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Machu Picchu















Altitude 3,827 meters (12,500 feet) a.s.l.
Population 91,877 inhabitants in the city

Puno, on the banks of Lake Titicaca - the world highest navigable lake - displays the reminiscences of its origin through cave paintings and spearheads, testimony of our highland ancestor's life.

The Collao Plateau Is the geographical space, where ancient and Important cultures like Pucara and, later, Tiahuanaco, appeared.This is the region where, according to the legend, Manco Capac and Mama Ocllo emerged from the sacred Lake Titicaca to found the Inca Empire.

During colonial times, the Spaniards established In Puno attracted by its mineral richness, bringing new cultural, social and economic Patterns along. The city of San Carlos de Puno was founded in 1668 and the priests, eager to convert the natives, motivated them to build beautiful churches.

Lake Titicaca is the world's highest navigable lake and the center of a region where thousands of subsistence farmers eke out a living fishing in its icy waters, growing potatoes in the rocky land at its edge or herding llama and alpaca at altitudes that leave Europeans and North Americans gasping for air. It is also where traces of the rich Indian past still stubbornly cling, resisting in past centuries the Spanish conquistadors' aggressive campaign to erase Inca and preInca cultures and, in recent times, the lure of modernization.
When Peruvians talk of turquoise blue Titacaca, they proudly note that it is so large it has waves. This, the most sacred body of water in the Inca empire and now the natural separation between Peru and Bolivia, has a surface area exceeding 8,000 square kilometers (3,100 square miles), not counting its more than 30 islands.

At 3,856 meters (12,725 feet) above sea level it has two climates: chilly and rainy or chilly and dry. In the evenings it becomes quite cold, dropping below freezing from June through August. In the day, the sun is intense and sunburn is common.

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Services Duration
Sun island overnight 2 days and 1 night
Puno-La Paz 2 days cruise 2 days and 1 night
Puno - Copacabana Sun Island 2 days and 1 night
Sacred Lake of the Incas 4 days and 3 nights
Millenarian Puno 4 days tour 4 days and 3 nights
Living in Titicaca 4 days and 3 nights
According to legend, this lake gave birth to the Inca civilization. Before the Incas, the lake and its islands were holy for the Aymará Indians, whose civilization was centered at the Tiahuanaco, now a complex of ruins on the Bolivian side of Titicaca but once a revered temple site with notably advanced irrigation techniques.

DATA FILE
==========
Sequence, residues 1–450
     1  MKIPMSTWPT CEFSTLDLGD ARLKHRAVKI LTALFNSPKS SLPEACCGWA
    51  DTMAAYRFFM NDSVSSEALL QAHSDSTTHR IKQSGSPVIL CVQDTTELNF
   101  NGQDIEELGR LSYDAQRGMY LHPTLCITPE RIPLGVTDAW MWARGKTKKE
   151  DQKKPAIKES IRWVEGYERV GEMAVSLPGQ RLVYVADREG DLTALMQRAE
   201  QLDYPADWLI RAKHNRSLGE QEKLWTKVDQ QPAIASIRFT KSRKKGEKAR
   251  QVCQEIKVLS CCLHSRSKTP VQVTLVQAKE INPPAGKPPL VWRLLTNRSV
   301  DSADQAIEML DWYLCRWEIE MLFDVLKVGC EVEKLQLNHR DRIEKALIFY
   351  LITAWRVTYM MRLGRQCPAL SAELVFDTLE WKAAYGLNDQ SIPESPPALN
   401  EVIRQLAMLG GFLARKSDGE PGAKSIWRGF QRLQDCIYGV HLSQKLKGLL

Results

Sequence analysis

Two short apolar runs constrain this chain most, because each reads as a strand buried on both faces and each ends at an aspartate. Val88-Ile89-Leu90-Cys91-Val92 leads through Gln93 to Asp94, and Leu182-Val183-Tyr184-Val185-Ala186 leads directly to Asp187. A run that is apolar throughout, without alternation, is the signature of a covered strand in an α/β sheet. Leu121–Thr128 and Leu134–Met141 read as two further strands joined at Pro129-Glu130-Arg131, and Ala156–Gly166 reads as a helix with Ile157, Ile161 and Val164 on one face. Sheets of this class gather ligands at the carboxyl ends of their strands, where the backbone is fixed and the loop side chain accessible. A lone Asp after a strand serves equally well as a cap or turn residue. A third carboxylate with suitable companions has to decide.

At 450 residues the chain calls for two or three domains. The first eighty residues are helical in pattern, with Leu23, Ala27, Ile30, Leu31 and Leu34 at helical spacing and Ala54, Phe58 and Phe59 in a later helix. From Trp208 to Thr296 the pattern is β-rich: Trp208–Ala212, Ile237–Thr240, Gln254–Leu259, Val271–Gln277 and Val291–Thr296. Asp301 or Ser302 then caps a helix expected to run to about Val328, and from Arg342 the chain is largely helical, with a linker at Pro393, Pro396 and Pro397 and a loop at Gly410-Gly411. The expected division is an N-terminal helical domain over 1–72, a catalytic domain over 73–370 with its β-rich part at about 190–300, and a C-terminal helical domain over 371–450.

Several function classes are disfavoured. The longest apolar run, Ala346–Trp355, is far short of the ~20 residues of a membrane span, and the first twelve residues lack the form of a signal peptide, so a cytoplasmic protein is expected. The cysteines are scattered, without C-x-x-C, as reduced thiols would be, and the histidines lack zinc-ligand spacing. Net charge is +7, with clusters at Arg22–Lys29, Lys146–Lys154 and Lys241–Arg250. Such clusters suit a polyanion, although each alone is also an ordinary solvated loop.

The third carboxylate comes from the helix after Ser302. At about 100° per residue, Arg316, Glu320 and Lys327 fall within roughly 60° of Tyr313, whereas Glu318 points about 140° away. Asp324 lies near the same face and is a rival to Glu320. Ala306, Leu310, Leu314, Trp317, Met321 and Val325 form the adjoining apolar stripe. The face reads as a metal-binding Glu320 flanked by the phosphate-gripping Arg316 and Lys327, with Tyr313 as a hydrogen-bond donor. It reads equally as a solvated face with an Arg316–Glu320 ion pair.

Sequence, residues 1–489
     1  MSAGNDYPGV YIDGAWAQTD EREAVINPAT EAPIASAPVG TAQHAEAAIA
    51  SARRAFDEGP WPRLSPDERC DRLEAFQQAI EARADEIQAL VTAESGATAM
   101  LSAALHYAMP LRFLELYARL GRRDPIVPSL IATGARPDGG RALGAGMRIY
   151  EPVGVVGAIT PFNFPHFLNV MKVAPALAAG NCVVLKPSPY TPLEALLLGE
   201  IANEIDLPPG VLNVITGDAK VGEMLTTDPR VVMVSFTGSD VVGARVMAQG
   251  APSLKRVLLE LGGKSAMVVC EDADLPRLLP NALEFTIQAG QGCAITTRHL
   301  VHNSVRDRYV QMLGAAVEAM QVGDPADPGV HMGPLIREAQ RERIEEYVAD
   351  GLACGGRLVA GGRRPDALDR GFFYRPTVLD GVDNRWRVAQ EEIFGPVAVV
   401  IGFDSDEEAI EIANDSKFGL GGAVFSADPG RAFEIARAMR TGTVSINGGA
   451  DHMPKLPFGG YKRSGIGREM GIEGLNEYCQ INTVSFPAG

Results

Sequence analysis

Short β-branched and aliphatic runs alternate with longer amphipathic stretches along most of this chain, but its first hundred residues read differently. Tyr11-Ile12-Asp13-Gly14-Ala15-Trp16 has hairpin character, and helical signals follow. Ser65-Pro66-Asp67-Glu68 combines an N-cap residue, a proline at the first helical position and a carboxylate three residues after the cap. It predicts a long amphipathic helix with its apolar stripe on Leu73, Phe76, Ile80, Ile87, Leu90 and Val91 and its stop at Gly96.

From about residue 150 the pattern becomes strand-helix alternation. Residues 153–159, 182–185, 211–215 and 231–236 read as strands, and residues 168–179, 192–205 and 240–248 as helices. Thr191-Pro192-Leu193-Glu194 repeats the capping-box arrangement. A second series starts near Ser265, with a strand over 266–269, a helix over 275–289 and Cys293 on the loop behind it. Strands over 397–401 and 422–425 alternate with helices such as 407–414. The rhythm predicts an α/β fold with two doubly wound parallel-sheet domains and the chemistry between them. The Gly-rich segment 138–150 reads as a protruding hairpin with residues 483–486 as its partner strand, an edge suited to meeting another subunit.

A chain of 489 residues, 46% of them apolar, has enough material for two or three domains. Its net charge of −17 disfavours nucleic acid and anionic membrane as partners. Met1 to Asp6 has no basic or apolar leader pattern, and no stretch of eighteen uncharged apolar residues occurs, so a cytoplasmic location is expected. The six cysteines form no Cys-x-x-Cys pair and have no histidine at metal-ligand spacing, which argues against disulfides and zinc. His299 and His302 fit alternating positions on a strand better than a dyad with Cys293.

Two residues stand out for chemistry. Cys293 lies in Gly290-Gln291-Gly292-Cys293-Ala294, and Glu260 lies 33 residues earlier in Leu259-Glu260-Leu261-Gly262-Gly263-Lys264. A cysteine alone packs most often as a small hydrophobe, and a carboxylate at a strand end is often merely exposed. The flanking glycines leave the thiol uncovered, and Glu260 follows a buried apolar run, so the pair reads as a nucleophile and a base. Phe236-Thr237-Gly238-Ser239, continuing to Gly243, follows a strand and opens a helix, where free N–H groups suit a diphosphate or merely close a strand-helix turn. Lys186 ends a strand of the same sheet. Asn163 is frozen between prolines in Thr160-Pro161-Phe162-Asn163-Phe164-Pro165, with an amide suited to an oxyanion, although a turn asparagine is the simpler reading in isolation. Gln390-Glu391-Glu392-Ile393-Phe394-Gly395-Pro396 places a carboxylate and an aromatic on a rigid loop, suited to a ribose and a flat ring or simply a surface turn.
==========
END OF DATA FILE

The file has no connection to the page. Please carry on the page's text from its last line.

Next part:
Geologically, Titicaca's origins are disputed, although it was likely a glacial lake. Maverick scientists claim it had a volcanic start; a century ago, Titicaca was popularly believed to be an immense mountaintop crater. A few diehards today stick to the notion that the lake was part of a massive river system from the Pacific Ocean.

Indian legend says the sun god had his children, Manco Capac and his sisterconsort Mama OcIlo, spring from the frigid waters of the lake to found Cuzco and the beginning of the Inca dynasty. Later, during the Spanish Conquest, the lake allegedly became a secret depository for the empire's gold. Among the items supposedly buried on the lake's bottom is Inca Huascar's gold chain weighing 2,000 kilos (4,400 lbs.) and stored in Koricancha - the Temple of the Sun in Cuzco - until loyal Indians threw it into the lake to prevent it from falling into Spanish hands.

Oceanographer Jacques Yves Cousteau spent eight weeks using mini submarines to explore the depths of the lake but found no gold. (What he did discover, to the amazement of the scientific world, was a 60-centimeter (24-in) long, tri-colored frog that apparently never surfaces!)

Urban base:
On the Peruvian side of the lake is Puno, an unattractive commercial center settled as a Spanish community in 1668 by the Count of Lemos. Although today Puno seems unappealing, during the Spanish period it was one of the continent's richest cities because of its proximity to the Laykakota silver mines discovered by brothers Gaspar and Jose Salcedo in 1657. The mining boom drew 10,000 people to an area not far from what is now Puno. It also brought a bloody rivalry that ended only when the ironhanded count traveled to Puno, ordered Jose Salcedo executed and transferred Laykakota's residents to Puno.

At an altitude of 3,827 meters (12,628 feet), Puno is still the capital Peru's altiplano - the harsh highland region much better suited to roaming vicuñas and alpacas than to people. It is also Peru's folklore center with a rich array of handicrafts, costumes, holidays, legends and, most importantly, more than 300 ethnic dances.

Among the latter, the most famous is Devil dance performed during the feast of the Virgin of Candelaria during the first two weeks in February. Dancers fiercely compete to outdo one another in this Diablada, notable for its profusion of costly and grotesque masks. The origins of the dance have become confused over the centuries but it is believed to have started with pre-Inca Indian cultures, surviving through the Inca conquest and the Spanish takeover of the country, with the costumes being modified each time.

Dance and wild costumes: